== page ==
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My Handcrafted Opinions on Whiskies, Distilleries and Other Related Stuff

Most Recent Whisky

Most Recent Whisky Review

Highland Park Viking Honour 12 year old

The nose on this is salty and fruity, with some seaweed, a hint of rubber and a prick of alcohol even at 43% ABV.    The taste is rich with toffee, burnt coffee, caramel at first then some more acrid camp fire notes and along with bitter fruit peels and spices.  The finish is gentle hum of heat and peppermint along with some smokiness.  At 43% ABV it can take a drop of water and still hold up, but it doesn't need it.  Overall a delicious expression from one of my favourite distilleries.

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  • Thursday, 20 February 2014 22:14

    114 Whiskies to Try Before You Die Part 2: The Blogger Strikes Back

    Written by

    The table at the bottom of this entry reflects all the changes from the first edition of 101 Whiskies to Try Before You Die and the second edition released in 2013. There are thirteen changes in total and in this blog I will focus on the departures which I will categorize accordingly:

    “The Marketing Department’s Revenge”: Three victims here. Some were simply a straight swap of one expression to an updated expression. That accounts for Cutty Sark 18 for 25 and the Bruichladdich 10 for 12. I am pretty sure even their own Marketing department agreed that continuing to sell Glenglassaugh’s new make spirit was not a good idea now that they had real whisky.

    “TTTTTThat’s All Folks!”: Phrases you don’t often hear include “Justin Bieber is a wise young man” and “Of course I have a bottle Glen Grant 25 year old, doesn’t everyone?” Adios Gordon and MacPhail Glen Grant 25 year old and Glenglassaugh 26 year old. If you still have a bottle of one of these enjoy it, because they are rarer than a Scottish World Cup victory

    “Compass Box: Your 15 Minutes of Fame is Up”: I think even John Glaser’s mother would agree Compass Box get a pretty good shake of the whisky publicity tree and had a more than fair representation in the original edition. However they have been culled like a Canadian seal pup in this version. Their redaction (it’s a word – look it up) accounts for three more victims.

    “Three for one”: Macallan have recently revamped their well-established line up for a new “no age statement” offering based on colors (I still giggle when I read the “official” explanation). Their fully deserved punishment is three out with just one of the newbies, Macallan Gold, making the second edition cut. They are getting off lightly.

    “The Conspiracy Theory”: At face value the final two British badgers in Buxton’s gun sights may seem unconnected, Berry Bros and Rudd’s Blue Hanger and Glen Rothes Select Reserve. Except that as every whisky anorak worth his tattered copy of Jim Murray’s Whisky Bible knows they are in fact very closely related with BBR jointly developing the concept of whisky vintages with Glen Rothes single malts.   As these are both great products and still available, I have to assume a Christmas card got lost in the post in 2012 and a score had to be settled.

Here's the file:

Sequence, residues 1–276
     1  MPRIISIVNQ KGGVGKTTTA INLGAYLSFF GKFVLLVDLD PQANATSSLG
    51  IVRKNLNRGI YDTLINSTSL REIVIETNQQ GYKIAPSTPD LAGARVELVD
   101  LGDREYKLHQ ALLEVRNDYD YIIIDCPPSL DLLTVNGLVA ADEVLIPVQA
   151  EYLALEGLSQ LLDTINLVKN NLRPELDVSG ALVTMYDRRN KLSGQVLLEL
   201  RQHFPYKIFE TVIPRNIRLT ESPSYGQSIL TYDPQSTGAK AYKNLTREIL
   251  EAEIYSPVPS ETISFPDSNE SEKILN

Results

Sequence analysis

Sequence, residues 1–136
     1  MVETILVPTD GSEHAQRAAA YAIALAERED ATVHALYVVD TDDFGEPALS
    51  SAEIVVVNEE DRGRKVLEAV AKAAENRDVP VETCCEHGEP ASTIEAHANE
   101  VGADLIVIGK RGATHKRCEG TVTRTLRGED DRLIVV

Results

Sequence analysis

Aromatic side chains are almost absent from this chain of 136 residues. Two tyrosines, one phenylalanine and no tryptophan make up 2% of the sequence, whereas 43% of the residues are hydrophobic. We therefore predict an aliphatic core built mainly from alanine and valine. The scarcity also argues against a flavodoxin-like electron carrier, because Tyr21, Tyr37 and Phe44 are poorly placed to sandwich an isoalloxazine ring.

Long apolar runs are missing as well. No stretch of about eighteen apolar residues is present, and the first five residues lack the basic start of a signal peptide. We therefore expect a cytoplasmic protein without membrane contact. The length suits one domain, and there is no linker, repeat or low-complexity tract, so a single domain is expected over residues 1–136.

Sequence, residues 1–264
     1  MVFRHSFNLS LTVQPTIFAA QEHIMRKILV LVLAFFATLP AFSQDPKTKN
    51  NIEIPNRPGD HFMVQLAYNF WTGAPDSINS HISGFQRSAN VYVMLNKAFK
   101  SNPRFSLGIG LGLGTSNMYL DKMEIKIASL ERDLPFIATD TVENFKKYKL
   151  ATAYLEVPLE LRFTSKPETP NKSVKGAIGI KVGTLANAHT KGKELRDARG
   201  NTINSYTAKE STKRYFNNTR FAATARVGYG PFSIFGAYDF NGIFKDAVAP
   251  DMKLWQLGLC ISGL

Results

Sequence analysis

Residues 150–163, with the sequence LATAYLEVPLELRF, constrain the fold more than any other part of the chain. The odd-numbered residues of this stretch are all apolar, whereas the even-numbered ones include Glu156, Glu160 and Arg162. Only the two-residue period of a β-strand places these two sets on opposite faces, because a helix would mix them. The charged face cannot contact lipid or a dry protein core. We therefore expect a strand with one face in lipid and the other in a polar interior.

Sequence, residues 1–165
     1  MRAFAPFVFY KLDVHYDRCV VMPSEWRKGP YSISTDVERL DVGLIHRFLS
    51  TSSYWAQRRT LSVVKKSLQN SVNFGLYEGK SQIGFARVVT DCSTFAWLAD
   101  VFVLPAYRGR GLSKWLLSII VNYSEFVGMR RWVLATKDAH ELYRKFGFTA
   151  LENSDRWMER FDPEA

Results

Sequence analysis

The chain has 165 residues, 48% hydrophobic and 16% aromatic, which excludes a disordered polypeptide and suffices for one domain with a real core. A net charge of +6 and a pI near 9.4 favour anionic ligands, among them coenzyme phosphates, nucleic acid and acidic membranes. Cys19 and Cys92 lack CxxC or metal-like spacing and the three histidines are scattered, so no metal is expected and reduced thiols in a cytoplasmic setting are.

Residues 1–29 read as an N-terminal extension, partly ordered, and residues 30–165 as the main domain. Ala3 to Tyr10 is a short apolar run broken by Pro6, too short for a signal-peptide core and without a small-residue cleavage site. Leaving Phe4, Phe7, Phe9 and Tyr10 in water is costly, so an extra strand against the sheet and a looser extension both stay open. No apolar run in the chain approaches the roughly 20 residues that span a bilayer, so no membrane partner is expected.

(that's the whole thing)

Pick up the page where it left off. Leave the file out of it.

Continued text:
OUT

    IN

    Compass Box Aysla

    Balcones Baby Blue

    Blue Hanger

    Bruichladdich The Laddie 10

    Bruichladdich 12 year old

    Cutty Sark 18 year old

    Cutty Sark 25 year old

    Glenglassaugh Evolution

    Glenglassaugh spirit

    Johnnie Walker The Spice Road

    Glenglassaugh 26 year old

    Kavalan Concertmaster

    Gordon and Macphail Glen Grant 25 year old

    Lord Elcho 15 year old

    Compass Box Hedonism

    Mackinlay’s Rare Old

    Macallan 10 year old Sherry Oak

    Balvenie Tun 1401

    Macallan 18 year old Sherry Oak

    Dalmore Cigar Malt Reserve

    Macallan 30 year old Fine Oak

    Macallan Gold

    Glen Rothes Select Reserve

    Naked Grouse

    Compass Box The Spice Tree

    Tweeddale 12 year old

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    Random Whisky

    Bailie Nicol Jarvie (BNJ)

    I first picked a bottle of this up in Oddbins in Cults, attracted by the rather unusual label and value price.  It is a smooth and floral whisky and pleasant if a little oaky, and certainly nothing wrong with it (can you tell I wasn't taking detailed notes in 2009?).  However the simple fact is, for all the times I went back in that shop (and it was a lot until the Great Odbbins Closure of 2011)  I never felt compelled to buy another bottle again.  There was always something more interesting and appealing to buy even at that lower price point.  I like blends, I really do, and so I promise to revisit and do some more detailed tasting notes, but I feel the overall impression I was left with says more than any detailed notes can.  

    Update:  Here are some more detailed notes that I took after buying a 5 cl miniature on www.whiskyexchange.com in April 2012.  The nose has malt, fruity pear drops and a floral note, maybe even marzipan.  The taste is very smooth, more malt, caramel and then builds into an oaky, bitter finish with some of the flowers and esters from the nose.   With water the mouthfeel gets a little richer and it gets a little more peppery in the finish.  Definately a little better than I remembered.